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Funding carrot an ‘act of blackmail’ Great Yarmouth councillors claim

PUBLISHED: 16:42 20 December 2012

Great Yarmouth Borough Council deputy leader Brian Walker

Great Yarmouth Borough Council deputy leader Brian Walker

Archant

HARD pressed Town Hall bosses claim they are being blackmailed into changing their leadership in order to take advantage of a much-needed pot of government cash, as they face further budget cuts.

The coalition announced this week that Great Yarmouth Borough Council could receive an extra £1.8m funding in the wake of scrapping its two-year transitional fund that left it with a 19pc cut to its budget - the biggest of any authority in the UK.

But to receive the cash boost from the newly introduced efficiency support grant, local government minister - and the town’s MP - Brandon Lewis said town hall leaders must agree to share management, a move that local Labour members pledged not to do when they were elected in May, sparking cries they are being blackmailed into getting their hands on the extra funding.

Brian Walker, deputy leader, said: “We’re doing well (in making savings) and we feel really it’s an act of blackmail by Eric Pickles (communities secretary) and Brandon Lewis to get what they want.”

Leader Trevor Wainwright described the support grant as a “carrot” and added: “I think we can put forward a compelling business case to get £1.8m but we’re still going to take a huge hit.”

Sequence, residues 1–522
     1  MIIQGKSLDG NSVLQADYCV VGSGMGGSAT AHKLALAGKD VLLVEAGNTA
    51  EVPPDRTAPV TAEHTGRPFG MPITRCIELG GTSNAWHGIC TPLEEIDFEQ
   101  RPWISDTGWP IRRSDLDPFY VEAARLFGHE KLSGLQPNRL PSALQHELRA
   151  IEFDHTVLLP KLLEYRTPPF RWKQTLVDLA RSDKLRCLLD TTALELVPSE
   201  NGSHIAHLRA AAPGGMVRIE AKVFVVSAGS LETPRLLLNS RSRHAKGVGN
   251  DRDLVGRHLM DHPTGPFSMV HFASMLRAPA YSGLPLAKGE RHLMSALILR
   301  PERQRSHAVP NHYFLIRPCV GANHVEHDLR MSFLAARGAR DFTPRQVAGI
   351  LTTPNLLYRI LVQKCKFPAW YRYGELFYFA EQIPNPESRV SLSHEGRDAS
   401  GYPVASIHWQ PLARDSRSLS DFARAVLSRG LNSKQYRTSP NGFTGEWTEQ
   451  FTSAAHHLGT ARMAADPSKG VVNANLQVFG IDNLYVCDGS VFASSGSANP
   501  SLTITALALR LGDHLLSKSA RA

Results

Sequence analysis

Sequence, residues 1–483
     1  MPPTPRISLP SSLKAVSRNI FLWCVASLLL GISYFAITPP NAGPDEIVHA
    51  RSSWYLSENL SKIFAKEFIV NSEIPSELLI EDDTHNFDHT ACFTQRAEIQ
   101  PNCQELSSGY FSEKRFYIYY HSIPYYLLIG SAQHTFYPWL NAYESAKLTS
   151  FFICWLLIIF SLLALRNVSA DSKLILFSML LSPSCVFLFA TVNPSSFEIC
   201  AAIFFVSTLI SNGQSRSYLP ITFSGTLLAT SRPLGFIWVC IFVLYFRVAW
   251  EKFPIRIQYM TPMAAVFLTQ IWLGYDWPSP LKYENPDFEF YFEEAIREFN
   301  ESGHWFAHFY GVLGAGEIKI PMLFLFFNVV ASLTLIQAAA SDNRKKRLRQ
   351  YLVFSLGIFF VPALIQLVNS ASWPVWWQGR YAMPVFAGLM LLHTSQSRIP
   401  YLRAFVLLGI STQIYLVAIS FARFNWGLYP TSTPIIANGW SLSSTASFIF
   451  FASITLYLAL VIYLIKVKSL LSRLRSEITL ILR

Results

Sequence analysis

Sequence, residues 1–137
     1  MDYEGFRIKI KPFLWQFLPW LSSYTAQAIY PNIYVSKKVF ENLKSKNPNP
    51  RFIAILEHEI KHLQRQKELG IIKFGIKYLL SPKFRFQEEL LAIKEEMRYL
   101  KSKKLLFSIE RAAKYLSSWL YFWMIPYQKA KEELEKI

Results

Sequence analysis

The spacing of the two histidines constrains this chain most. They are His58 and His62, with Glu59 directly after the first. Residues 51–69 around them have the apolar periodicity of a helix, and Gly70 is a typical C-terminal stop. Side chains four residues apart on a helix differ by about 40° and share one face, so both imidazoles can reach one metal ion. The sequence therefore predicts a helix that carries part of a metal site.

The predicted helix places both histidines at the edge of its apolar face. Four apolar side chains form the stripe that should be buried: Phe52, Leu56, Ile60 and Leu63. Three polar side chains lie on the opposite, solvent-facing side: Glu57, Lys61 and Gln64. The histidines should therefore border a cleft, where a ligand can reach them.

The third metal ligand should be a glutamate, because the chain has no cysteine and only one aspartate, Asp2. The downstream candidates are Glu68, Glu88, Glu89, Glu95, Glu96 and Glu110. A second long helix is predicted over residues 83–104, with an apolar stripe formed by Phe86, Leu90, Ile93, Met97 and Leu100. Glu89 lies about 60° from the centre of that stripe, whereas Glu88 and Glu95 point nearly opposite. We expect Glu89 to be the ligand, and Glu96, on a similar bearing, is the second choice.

Both he and Mr Walker reaffirmed their decision not to share management with Breckland and South Holland councils as they said it would only save £160,000 as they face having to make £10m worth of cuts in the next three years.

But Mr Lewis defended the support grant and said that there were other opportunities for authority’s like Yarmouth to boost their coffers, through new homes bonuses and business rates from enterprise zones.

“We’re not going to leave these councils just hanging out there, we can’t do that. But they have got to start moving towards a more modern way of working,” he said.

“We want councils to deliver the best, most efficient services they can because it’s tax payers’ money and we want to make sure local peoples’ money is being spent efficiently.”

Mr Lewis stressed that he wanted to “make sure” the people of Yarmouth got a share of the support grant to ensure a council tax freeze and hoped the borough council would “get behind” the opportunities being offered to them.

The borough council already shares legal and IT services with Norfolk County Council, as well as internal audits, and is working on slashing its budget through a staffing restructure and examining contracts.

Mr Wainwright said the authority was working to tackle budget woes and was confident it could put forward a case for a share of the support grant.

“I think the message to residents is steady as she goes, we’re addressing the problems,” he added.

WHAT DO YOU THINK? Write to Letters, Great Yarmouth Mercury, 169 King Street, Yarmouth, NR30 2PA or email anne.edwards@archant.co.uk

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